We work closely together, often as part of a bigger PSD2 project involving teams of integrators, API developers, and mainframe support, along with legal experts who have been interpreting the new regulation. In our role, we often bridge the gap between legal’s interpretation of the regulation and the needs of those wanting to onboard new third party payment providers and expose the APIs to the public. This is a complex technical process consisting of multiple components including TLS handshakes, tokenization and certificate verifications – that must run smoothly. This is further complicated by the fact that it involves the banks, third-party providers, and users who must give their approval for account access to take place, every 90 days.

Has the process been standardized?
Since it’s a relatively new regulation, the processes are still being refined. The Berlin Group – A European Standards Initiative – is developing a PSD2 framework but this is a work in process. What they have published is helpful and it’s regularly updated but it doesn’t answer all the questions. This is something that we are doing while developing and maintaining solutions for our bank customers.

How do Data Ductus services support the PSD2 and open banking process?
Essentially, we help ensure that tokens within a bank’s system are issued correctly based on the third-party provider in question. They extract information in certificates including finance institution IDs and roles, as well as TLS fingerprints and compare them with the information in tokens before granting or denying authorization. Much of the work involves tailoring this to fit the specific architecture of a bank.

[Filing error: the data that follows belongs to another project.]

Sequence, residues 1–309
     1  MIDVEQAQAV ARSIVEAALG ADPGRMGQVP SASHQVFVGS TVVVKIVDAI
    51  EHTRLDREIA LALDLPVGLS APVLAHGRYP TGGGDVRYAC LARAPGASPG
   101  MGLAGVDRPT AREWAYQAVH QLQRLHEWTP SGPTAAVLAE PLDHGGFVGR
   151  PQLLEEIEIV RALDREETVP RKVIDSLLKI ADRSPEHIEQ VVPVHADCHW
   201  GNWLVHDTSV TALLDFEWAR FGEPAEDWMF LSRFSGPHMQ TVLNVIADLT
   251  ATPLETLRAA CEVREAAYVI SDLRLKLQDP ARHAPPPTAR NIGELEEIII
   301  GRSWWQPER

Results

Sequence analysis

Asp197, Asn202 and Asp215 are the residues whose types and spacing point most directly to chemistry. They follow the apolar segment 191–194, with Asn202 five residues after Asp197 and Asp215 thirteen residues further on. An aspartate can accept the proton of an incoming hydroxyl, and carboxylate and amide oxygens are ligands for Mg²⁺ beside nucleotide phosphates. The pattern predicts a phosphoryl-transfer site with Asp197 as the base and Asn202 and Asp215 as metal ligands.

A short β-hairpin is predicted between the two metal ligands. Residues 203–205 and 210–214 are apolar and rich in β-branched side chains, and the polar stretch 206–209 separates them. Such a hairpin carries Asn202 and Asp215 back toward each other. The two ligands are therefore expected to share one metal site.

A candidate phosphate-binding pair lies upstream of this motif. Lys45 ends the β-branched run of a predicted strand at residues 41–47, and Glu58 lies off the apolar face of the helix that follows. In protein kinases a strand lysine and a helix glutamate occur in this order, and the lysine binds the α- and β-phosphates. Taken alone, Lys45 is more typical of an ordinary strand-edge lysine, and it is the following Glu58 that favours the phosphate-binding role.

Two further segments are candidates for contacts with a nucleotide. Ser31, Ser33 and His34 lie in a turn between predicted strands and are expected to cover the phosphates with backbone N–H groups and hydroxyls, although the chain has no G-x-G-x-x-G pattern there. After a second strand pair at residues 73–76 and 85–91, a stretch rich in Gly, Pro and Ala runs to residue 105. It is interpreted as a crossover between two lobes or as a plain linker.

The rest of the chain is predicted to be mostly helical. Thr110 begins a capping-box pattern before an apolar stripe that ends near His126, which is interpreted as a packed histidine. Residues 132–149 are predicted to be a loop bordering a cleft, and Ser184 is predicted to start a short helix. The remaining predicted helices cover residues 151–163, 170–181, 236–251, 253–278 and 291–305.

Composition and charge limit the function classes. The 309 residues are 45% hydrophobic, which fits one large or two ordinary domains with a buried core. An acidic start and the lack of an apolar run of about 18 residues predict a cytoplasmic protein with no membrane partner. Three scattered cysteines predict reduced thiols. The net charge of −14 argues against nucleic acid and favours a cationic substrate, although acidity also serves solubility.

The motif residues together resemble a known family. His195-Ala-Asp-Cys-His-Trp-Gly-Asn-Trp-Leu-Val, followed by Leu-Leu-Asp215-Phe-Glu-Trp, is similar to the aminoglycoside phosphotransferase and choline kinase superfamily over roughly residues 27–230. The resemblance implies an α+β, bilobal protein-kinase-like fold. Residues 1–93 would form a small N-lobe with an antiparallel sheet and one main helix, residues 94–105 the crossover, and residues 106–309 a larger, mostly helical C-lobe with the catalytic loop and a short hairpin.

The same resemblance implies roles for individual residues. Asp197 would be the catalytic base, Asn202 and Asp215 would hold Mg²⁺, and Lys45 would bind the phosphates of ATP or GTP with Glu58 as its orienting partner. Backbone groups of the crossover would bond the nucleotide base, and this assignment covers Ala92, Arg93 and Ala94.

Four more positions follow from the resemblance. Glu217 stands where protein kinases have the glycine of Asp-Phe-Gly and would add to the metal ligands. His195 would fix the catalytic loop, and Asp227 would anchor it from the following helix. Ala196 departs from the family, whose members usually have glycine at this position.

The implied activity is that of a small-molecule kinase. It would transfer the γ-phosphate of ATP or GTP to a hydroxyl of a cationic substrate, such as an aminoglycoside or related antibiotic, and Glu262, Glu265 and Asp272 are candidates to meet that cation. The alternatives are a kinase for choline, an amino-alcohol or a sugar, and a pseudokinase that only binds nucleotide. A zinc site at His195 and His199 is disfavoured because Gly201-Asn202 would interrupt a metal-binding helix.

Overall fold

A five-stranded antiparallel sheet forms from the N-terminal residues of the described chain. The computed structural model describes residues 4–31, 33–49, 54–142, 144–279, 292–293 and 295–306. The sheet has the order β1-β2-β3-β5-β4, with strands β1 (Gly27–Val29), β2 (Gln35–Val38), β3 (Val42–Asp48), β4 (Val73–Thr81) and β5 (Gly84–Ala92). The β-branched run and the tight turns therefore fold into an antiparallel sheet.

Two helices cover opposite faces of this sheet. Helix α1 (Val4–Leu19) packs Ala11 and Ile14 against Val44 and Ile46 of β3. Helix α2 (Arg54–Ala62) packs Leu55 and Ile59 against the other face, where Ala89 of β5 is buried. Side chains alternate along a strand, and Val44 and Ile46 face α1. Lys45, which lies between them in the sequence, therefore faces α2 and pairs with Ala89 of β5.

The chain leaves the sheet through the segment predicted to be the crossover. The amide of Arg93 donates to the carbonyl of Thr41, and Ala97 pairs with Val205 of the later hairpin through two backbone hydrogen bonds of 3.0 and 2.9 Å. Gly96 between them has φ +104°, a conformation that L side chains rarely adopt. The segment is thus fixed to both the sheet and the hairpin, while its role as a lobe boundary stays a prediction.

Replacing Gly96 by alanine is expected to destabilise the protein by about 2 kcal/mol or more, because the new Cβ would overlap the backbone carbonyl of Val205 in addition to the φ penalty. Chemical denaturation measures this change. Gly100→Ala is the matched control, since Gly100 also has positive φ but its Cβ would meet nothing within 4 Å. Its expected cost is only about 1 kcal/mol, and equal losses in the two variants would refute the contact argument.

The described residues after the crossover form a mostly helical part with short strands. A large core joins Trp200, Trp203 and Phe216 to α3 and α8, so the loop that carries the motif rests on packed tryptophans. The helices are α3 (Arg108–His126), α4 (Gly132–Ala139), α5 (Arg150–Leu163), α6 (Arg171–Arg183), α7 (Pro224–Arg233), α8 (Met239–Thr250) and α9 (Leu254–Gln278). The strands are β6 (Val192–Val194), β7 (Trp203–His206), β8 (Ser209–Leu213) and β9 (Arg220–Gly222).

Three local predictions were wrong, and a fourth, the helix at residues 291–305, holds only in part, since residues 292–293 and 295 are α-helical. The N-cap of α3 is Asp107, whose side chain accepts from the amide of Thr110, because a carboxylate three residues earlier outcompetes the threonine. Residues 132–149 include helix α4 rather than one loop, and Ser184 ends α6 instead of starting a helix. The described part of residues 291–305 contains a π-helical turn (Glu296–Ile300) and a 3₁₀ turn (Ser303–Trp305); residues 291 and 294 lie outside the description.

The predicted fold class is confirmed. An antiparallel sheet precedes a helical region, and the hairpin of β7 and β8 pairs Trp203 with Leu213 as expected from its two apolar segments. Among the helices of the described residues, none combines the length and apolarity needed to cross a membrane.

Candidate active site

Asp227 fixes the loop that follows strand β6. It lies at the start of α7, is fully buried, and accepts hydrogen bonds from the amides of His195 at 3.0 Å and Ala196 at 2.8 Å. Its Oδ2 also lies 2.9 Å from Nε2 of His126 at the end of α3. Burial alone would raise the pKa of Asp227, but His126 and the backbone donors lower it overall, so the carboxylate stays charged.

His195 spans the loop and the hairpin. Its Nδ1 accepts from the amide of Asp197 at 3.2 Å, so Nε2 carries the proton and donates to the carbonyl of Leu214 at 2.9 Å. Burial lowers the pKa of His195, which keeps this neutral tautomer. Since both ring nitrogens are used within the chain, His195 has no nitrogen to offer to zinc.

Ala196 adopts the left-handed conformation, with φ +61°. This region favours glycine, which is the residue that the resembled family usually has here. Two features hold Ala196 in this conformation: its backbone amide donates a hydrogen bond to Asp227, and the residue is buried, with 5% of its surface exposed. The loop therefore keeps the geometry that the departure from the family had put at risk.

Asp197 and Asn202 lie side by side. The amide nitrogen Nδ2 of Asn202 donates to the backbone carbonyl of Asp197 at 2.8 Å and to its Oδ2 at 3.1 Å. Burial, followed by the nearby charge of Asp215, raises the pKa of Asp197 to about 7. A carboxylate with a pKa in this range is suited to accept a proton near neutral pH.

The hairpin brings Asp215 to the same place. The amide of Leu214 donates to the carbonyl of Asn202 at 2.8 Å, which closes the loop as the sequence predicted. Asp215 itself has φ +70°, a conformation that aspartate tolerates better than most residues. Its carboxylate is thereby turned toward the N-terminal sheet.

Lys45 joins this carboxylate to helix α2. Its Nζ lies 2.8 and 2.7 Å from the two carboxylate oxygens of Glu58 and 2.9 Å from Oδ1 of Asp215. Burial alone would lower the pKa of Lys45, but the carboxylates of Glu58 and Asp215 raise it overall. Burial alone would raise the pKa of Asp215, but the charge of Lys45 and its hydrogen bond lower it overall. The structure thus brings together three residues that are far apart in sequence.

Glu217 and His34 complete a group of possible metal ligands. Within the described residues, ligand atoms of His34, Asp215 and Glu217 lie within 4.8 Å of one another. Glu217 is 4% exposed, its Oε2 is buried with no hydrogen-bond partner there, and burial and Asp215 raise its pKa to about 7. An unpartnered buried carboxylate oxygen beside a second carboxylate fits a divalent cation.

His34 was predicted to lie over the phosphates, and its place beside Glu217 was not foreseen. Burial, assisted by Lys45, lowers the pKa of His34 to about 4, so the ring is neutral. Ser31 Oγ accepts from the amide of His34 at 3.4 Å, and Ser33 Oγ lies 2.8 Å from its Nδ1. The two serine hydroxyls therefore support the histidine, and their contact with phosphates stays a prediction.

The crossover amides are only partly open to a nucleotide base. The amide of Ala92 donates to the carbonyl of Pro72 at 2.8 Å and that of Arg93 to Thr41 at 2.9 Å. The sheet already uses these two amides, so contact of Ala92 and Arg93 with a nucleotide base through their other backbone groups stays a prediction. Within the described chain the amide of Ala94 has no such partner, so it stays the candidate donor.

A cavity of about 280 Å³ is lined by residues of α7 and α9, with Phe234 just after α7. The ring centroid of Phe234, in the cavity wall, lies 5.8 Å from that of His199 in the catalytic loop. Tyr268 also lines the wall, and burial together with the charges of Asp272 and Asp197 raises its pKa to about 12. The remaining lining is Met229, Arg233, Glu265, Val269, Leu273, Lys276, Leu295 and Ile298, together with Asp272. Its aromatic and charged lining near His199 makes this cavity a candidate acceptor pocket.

Data Ductus is typically involved in supporting banks with steps 3 to 5.

Step 3 re-directs the PSU (end-user) through a standard oauth2 flow to issue a consent for a given action to be used by the third party provider, such as perform payment-transaction or fetch account information.

In step 4, a third party provider provides a valid certificate (mutual TLS) issued with certain roles AISP/PISP for a token to be issued with the correct permissions.

The certificate is presented again in step 5. when the third party provider requests the data (open banking) and matches it with the previously issued token.

How many banks have you supported with PSD2?
We’ve worked with quite a number of banks throughout Scandinavia, for example Collector Bank. For some, it was a question of helping meet compliance, while for others it’s been helping them to use PSD2 as a gamechanger for the types of services they offer customers. This usually comes down to the size of the bank and what their customers require of them. But regardless of their plans, as soon as a bank customer requests a third-party service, the bank is obliged to provide it, which means they most probably require a PSD2 solution.

What can we expect to see in the future?
Like many regulations, the launch of PSD2 is just the beginning. New financial OAuth2 and Open ID standards are being developed continuously by the community to improve the open banking experience. These standards will need to be implemented in existing PSD2 solutions to ensure compliance. Our long running relationships with our banking customers means we will be ready to help them as and when they need it.

About Per-Gustaf Stenberg, Senior IT Security Consultant at Data Ductus

Per-Gustaf has been working at Data Ductus for six years. Originally working with ‘classic´ development, over time he has moved into automating operations with a strong focus on security. He has helped multiple banks implement a successful PSD2 solution.